It seems that we American Jews have a sacred duty. It has nothing to do with skullcaps or boiling a goat in its mother's milk. No. It is our obligation to be perpetually offended and hypersensitive, lest something terrible happen.
So naturally, when former movie star and director Mel Gibson announced that he will be involved in producing a movie about the life of Jewish icon Judas Maccabaeus, community indignation was ramped up. God knows, Gibson had already declared that Jews had started "all wars," during a DUI arrest a couple of years back. He later apologized, calling it "a moment of insanity" and a "public humiliation on a global scale." But surely, a person doesn't spontaneously break into Jew-baiting unless there is some underlying animosity. When you're on the back end of a two-day bender, does it ever occur to you to harangue members of the Greek Orthodox Church? I thought not.
But if there's anything more irritating than listening to a slightly insane and very angry celebrity who is stupid drunk, it's listening to self-appointed Jewish leaders be offended for me.
The media rushed to make sense of this peculiar movie project by, as they always do, seeking out professionally aggrieved Jews, such as Rabbi Marvin Hier of the Simon Wiesenthal Center, who explained: "Casting him as a director or perhaps as the star of (a film about Judas Maccabaeus) is like casting (Bernie) Madoff to be the head of the Securities and Exchange Commission or a white supremacist as trying to portray Martin Luther King Jr. It's simply an insult to Jews."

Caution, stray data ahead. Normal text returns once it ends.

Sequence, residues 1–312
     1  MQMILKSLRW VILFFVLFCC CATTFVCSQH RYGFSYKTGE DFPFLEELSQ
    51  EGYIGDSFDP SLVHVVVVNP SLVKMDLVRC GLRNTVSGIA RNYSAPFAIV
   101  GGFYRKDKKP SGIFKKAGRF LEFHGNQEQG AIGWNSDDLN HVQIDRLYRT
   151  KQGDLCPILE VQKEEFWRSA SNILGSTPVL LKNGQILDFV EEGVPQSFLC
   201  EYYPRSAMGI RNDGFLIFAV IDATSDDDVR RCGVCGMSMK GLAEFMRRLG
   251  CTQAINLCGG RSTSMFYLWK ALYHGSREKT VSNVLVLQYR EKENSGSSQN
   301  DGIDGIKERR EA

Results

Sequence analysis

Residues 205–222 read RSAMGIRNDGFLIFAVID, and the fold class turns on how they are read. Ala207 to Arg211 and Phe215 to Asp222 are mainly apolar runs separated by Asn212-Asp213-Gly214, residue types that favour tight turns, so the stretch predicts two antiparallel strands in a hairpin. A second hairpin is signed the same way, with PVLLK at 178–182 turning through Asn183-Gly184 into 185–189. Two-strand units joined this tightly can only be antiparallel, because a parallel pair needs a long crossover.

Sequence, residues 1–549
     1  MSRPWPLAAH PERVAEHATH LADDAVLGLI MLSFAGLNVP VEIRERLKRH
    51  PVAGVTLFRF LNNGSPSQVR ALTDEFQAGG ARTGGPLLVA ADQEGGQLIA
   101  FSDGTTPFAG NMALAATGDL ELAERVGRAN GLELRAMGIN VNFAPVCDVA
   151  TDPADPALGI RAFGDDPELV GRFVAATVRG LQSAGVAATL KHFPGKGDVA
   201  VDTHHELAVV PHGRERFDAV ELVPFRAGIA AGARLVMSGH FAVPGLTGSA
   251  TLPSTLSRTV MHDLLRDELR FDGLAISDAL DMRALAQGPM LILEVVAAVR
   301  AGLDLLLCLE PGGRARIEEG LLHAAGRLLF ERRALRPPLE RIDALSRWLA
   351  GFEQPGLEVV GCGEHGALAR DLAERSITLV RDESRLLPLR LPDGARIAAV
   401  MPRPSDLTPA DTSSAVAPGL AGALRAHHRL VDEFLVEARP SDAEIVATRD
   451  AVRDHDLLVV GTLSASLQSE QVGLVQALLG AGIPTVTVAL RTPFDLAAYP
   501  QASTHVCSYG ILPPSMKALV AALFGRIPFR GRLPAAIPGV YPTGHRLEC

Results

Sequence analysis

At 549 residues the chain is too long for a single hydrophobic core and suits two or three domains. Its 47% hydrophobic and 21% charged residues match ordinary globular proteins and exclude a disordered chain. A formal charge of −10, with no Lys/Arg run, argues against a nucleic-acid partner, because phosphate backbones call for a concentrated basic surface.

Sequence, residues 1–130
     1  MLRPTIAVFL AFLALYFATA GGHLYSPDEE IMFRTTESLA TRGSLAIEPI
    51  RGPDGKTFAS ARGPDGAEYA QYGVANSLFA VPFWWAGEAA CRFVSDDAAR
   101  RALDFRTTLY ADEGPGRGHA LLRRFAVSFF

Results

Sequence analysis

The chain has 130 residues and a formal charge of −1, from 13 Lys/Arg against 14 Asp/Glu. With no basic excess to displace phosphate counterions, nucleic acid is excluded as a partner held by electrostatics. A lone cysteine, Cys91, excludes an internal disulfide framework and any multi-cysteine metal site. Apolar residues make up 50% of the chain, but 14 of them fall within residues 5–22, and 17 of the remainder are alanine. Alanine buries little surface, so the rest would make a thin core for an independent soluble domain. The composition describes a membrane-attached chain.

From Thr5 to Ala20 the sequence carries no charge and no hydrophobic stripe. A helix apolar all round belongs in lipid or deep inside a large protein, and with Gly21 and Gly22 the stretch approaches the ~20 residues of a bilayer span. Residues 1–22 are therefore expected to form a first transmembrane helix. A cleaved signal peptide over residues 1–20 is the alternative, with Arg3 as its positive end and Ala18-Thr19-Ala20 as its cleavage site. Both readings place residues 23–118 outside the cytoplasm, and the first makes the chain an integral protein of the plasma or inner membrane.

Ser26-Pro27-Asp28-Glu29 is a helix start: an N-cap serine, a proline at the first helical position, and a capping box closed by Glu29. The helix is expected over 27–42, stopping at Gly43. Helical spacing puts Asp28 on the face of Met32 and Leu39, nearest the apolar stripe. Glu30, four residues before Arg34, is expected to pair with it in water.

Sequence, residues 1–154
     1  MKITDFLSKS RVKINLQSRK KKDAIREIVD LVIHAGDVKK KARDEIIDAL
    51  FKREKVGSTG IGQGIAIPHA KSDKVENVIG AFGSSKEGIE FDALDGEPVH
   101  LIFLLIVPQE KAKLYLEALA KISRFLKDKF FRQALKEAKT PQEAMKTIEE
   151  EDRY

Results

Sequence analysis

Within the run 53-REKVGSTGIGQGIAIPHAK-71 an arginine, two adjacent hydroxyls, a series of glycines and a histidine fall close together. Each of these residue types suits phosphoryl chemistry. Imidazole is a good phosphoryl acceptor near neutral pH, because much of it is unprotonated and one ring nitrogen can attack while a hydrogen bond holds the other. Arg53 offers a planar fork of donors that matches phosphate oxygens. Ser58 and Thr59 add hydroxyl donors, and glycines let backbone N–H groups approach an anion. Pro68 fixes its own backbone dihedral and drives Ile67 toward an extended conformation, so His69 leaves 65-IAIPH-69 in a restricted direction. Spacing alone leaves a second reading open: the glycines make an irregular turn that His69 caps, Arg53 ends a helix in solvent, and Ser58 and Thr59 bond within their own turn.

Then there was the Anti-Defamation League's Abe Foxman, who once called Gibson "the portrait of an anti-Semite" and who is the leading voice of the distressed American Jew—and don't we suffer! He claimed that seeing as Gibson's "previous attempt to bring biblical history to life on the screen (with The Passion of The Christ) was marred by anti-Semitism," this one has no shot.
Well, there are certainly plenty of places in the world to find dangerous, theologically embedded anti-Semitism—with Beverly Hills being low on the list. And sure, Gibson's words were ugly. But if a Polish director who drugged and sexually assaulted a 13-year-old can cast stars in his films, find funding, and win Oscars, why not Mel? If Jeff Spicoli can buddy up with a fleshy two-bit dictator and continue to find work, why not Mel? If Al Sharpton—a man whose vile and consequential anti-Semitism has incited violence, destruction, and social unrest—has a TV show funded by NBC, why not Mel?
And as strange as it seems, artistically speaking, the Jews could use Gibson on this one. The story of Hanukkah isn't only the tale of miraculous candles and Christmas envy, you know. It's about slaying unarmed Hellenistic interlopers and taking names (afterward). It is about populist Jewish rebellion, the unsheathing of theocratic swords and the struggle for freedom (Jewish freedom, anyway). Surely, this kind of material can't be entrusted to some hand-wringing, weak-kneed director who will slather his Jewish liberal sensibilities all over history. Have you seen Steven Spielberg's Munich? No, we need crazy on this.
Charles Dickens, Edmund Burke, Virginia Woolf, and Edgar Degas, to name very few, had some bad words for the Jews on occasion. But we can put these things in perspective. You can love the art (or whatever this movie will be classified as) and believe that the creator might be in need of psychiatric help or even that he might just be a bad guy. It doesn't always diminish the art. There are limits, of course, but if I stopped watching actors and directors who spewed absurdity, I would have, for instance, missed the entire Jason Bourne series.
Actually, I would have missed a lifetime of popular culture and art.
David Harsanyi is a columnist at The Blaze. Follow him on Twitter @davidharsanyi.
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